It is true that Japan gets all of the great toys first, but sometimes I think it would be better not to know about them. Engadget provides a brief description of Pioneer’s Raku-Navi which combines an in car gps with a touch panel, a 30GB hard drive for holding your tunes, and can have a tv tuner and other add ons attached. This takes the new genre of multimedia GPS units to an extreme!
Reader Leszek emailed reguarding my previous post of open/free software to point out DigitalGrove. I hate to admit when I forget about things, but I did…I had completely forgotten about this great resource. This site has an extensive list of free data and software along with descriptions and comparisons of different geospatial technologies.
First you were questioned about milk, then the geeks were asked about root, but the question that has been around for millinea from back seat drivers…got map? Head over to the VerySpatial Store and check out our new ‘got map?’ products. Since this is a Cafe Press shop there are tons of product options, so if you don’t see an item that you want with the logo on it email us and we will add it to the site.
CNET posted their review of MSN Virtual Earth beta, which you can read here
Their review of Google Earth beta back in July can be found here
CNET gives Virtual Earth a plus for its trip planning and search features, but gives the edge to Google Earth in terms of the quality of satellite imagery features and coverage. Their concluding remark: “Travelers looking for local maps, driving routes, and businesses will like Virtual Earth, but students and casual browsers will prefer Google Earth.”
Whatever your beliefs on the global warming issue, the recent spate of articles on the melting of Arctic ice and the warming of the climate in Alaska seem pretty scary. Satellite imagery is being used to show that the Arctic ice cap is shrinking at an alarming rate.
You can check out the MSNBC.com article here
Here is another at the London Times Online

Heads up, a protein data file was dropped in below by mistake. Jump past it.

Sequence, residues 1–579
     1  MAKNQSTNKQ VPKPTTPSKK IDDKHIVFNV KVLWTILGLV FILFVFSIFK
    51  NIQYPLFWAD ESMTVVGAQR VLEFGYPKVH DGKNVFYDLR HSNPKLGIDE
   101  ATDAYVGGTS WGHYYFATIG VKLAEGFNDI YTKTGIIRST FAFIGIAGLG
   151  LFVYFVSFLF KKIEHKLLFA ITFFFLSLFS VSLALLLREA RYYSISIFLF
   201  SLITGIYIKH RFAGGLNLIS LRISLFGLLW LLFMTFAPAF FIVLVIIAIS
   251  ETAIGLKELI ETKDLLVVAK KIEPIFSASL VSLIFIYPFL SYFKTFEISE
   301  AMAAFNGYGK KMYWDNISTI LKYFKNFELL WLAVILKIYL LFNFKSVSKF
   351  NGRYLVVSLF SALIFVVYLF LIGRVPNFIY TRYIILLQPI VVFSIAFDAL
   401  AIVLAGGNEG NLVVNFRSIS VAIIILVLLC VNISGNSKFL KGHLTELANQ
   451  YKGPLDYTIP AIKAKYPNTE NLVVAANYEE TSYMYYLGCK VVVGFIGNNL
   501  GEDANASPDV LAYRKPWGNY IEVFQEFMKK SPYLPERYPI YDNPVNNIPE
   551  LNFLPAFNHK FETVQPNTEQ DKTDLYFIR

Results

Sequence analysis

This is a series of follow up conversations that Sue and I had during the Podcast Symposium held at Duke University.
An interesting online atlas project that has been around a while. Flash based, it links cartographic product with 3D models of features. Take a look at Theban Mapping Project
If you simply must know where it is day and night around the world, here are a couple of websites for you.
time.gov keeps the official U.S. time via atomic clock and has a feature which shows where the sun is shining and where it is dark when you click on a time zone. Check it out here
The second website, by John Walker (founder of AutoDesk), offers the Earth and Moon Viewer, which has the day and night feature, as well as views of the earth from the moon, and the day and night sides using satellite imagery. It is much more of a webmapping interface, with query boxes to change the view and type of imagery.
Check out the Earth and Moon Viewer here
So the conference is over and it turned out to be a great blend of academic and applied perspectives. The morning session was on the legal issues surrounding copyright issues that impact podcasting and the lunch session was a single presenter who dissected the word broadcast and then touched on podcasting. We skipped out on the last session, podcasting and journalism, to start the long drive back. The folks at Duke were nice enough to show us their immersive environment/6-sided cave. Apparently if we had been good and stayed for the meet and greet on Tuesday we would have seen it. Again, check out the conference info and recordings at http://isis.duke.edu/events/podcasting.